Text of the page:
Pharmacological treatment of painful HIV-associated sensory neuropathy: a systematic review and meta-analysis of randomised controlled trials

PLoS One. 2010 Dec 28;5(12):e14433. doi: 10.1371/journal.pone.0014433.


Background: Significant pain from HIV-associated sensory neuropathy (HIV-SN) affects ∼40% of HIV infected individuals treated with antiretroviral therapy (ART). The prevalence of HIV-SN has increased despite the more widespread use of ART. With the global HIV prevalence estimated at 33 million, and with infected individuals gaining increased access to ART, painful HIV-SN represents a large and expanding world health problem. There is an urgent need to develop effective pain management strategies for this condition.

Objective: To evaluate the clinical effectiveness of analgesics in treating painful HIV-SN.

Design: Systematic review and meta-analysis.

Data sources: Medline, Cochrane central register of controlled trials,, and the reference lists of retrieved articles.

Selection criteria: Prospective, double-blinded, randomised controlled trials (RCTs) investigating the pharmacological treatment of painful HIV-SN with sufficient quality assessed using a modified Jadad scoring method.

Review methods: Four authors assessed the eligibility of articles for inclusion. Agreement of inclusion was reached by consensus and arbitration. Two authors conducted data extraction and analysis. Dichotomous outcome measures (≥ 30% and ≥ 50% pain reduction) were sought from RCTs reporting interventions with statistically significant efficacies greater than placebo. These data were used to calculate RR and NNT values.

Results: Of 44 studies identified, 19 were RCTs. Of these, 14 fulfilled the inclusion criteria. Interventions demonstrating greater efficacy than placebo were smoked cannabis NNT 3.38 95%CI(1.38 to 4.10), topical capsaicin 8%, and recombinant human nerve growth factor (rhNGF). No superiority over placebo was reported in RCTs that examined amitriptyline (100mg/day), gabapentin (2.4 g/day), pregabalin (1200 mg/day), prosaptide (16 mg/day), peptide-T (6 mg/day), acetyl-L-carnitine (1g/day), mexilitine (600 mg/day), lamotrigine (600 mg/day) and topical capsaicin (0.075% q.d.s.).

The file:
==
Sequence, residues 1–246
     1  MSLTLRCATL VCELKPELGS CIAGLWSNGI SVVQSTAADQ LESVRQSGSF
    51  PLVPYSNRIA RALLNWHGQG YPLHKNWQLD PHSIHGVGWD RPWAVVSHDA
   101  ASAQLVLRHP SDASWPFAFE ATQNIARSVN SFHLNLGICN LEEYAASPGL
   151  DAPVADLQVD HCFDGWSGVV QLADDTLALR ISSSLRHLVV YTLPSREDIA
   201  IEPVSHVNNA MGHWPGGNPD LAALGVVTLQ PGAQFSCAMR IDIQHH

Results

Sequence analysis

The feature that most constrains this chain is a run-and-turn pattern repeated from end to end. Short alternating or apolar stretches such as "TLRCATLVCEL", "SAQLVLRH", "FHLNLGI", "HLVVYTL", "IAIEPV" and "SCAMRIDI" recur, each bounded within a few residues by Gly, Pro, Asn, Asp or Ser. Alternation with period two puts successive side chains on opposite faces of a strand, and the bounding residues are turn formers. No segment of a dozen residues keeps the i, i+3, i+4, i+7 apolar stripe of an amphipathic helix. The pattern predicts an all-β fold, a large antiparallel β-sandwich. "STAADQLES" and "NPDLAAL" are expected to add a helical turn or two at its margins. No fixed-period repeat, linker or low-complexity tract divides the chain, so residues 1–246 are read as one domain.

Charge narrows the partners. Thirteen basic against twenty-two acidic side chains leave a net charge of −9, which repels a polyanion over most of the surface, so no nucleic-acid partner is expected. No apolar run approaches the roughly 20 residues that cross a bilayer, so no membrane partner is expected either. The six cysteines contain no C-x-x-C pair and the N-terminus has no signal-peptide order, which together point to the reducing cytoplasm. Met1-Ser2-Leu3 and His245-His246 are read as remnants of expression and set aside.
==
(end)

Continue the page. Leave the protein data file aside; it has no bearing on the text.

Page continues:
Conclusions: Evidence of efficacy exists only for capsaicin 8%, smoked cannabis and rhNGF. However,rhNGF is clinically unavailable and smoked cannabis cannot be recommended as routine therapy. Evaluation of novel management strategies for painful HIV-SN is urgently needed.

Publication types

  • Meta-Analysis
  • Research Support, Non-U.S. Gov't
  • Review
  • Systematic Review

MeSH terms

  • Analgesics / therapeutic use*
  • Anti-Retroviral Agents / pharmacology
  • Cannabis
  • Capsaicin / therapeutic use
  • HIV Infections / complications
  • HIV Infections / drug therapy*
  • Humans
  • Nerve Growth Factor / therapeutic use
  • Peripheral Nervous System Diseases / complications
  • Peripheral Nervous System Diseases / drug therapy*
  • Peripheral Nervous System Diseases / etiology*
  • Placebos
  • Plant Extracts / therapeutic use
  • Randomized Controlled Trials as Topic
  • Research Design
  • Risk
  • Treatment Outcome


  • Analgesics
  • Anti-Retroviral Agents
  • Placebos
  • Plant Extracts
  • Nerve Growth Factor
  • Capsaicin